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Principle 5: Emotion is a foundation to enhanced creativity and innovation
Principle 5: Emotion is a foundation to enhanced creativity and innovation

In This White Paper

October 2017 | Agile Projects

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Agile Leaders inspire others to bring their best selves to their work. They understand that emotion is an important part of the human experience and when individuals work with their emotions, they achieve more of their potential. Innovation and creativity rely heavily on respect that the Agile Leader encourages by being accessible, open, honest and transparent whilst expecting the same from others.

Written by the Agile Business Consortium Culture and Leadership Working Group

Principle 5: Emotion is a foundation to enhanced creativity and innovation


Innovation happens best when we reduce our fears and ego defensiveness, thereby freeing our minds to imagine, create, connect, and explore the new and unknown with others in a non-competitive way. That happens best when people feel psychologically safe and trust each other. It is all about emotions.

However, there is a myth that says emotions should be left at home. Would that be helpful to organisational life? Would the Agile Leader choose to ask people to come to work without excitement, joy or enthusiasm?

Creativity at work

Creativity is increasingly seen as vital to competitive advantage. Leaders are under growing pressure to generate creative output. People’s moods and emotions influence several critical elements in organisations, from creativity to performance, to collaboration and decision making.

Agile Leaders inspire others to bring their best selves to their work. They understand that emotion is an important part of the human experience and when individuals work with their emotions, they achieve more of their potential. Innovation and creativity rely heavily on respect that the Agile Leader encourages by being accessible, open, honest and transparent whilst expecting the same from others.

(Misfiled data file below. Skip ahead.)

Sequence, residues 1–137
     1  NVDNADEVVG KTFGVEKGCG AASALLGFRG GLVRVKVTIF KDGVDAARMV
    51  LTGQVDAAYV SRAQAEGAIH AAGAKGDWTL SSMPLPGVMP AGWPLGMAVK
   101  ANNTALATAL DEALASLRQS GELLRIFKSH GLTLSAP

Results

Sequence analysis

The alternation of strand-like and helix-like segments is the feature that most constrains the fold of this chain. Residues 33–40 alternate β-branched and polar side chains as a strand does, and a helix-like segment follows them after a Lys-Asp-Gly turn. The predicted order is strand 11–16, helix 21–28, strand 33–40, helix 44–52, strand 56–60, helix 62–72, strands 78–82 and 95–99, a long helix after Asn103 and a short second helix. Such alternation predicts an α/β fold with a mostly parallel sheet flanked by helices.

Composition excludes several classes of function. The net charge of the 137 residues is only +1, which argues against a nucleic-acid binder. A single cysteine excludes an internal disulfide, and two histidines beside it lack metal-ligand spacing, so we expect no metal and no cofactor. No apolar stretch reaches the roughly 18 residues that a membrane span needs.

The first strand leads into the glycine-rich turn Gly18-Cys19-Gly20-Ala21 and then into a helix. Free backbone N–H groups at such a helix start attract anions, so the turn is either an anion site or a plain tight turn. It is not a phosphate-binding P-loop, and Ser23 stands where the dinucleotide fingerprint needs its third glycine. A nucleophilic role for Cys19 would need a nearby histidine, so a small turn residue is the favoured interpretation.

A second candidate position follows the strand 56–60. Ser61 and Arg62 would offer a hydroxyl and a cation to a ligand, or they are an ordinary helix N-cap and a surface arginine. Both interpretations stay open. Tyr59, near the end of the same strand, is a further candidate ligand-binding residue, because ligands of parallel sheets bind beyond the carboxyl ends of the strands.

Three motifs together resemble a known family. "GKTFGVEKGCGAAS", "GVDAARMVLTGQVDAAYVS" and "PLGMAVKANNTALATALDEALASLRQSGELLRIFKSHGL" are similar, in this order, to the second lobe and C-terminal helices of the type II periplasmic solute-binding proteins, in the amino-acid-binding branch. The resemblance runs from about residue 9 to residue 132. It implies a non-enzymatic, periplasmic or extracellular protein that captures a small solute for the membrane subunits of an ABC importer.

A recent study has shown that positive moods help with creative tasks and are likely to lead to more receptive, big picture thinking.

Empathetic, emotionally intelligent work environments have a good track record of increasing creativity, improving problem solving and raising productivity.

However a balance needs to be struck. Positive emotions encourage open-mindedness and flexibility and so help generate more creative solutions, connections with others and help focus on achieving goals. Neutral or slightly negative emotions do have their place - they narrow the attention and help detect mistakes, assess risks and evaluate plans, resulting in more careful and better quality arguments.

Just leave the negative emotions at home

On the other hand, highly negative emotions such as anger, frustration, sadness or fear are considered unhelpful in a working environment. It’s easy to confuse “emotion” with “emotional”. Emotional is usually a term reserved for those people who easily express a range of emotions in public or those who are considered enthusiastic-overreactors; in these terms, emotional behaviour is not helpful in workplace situations.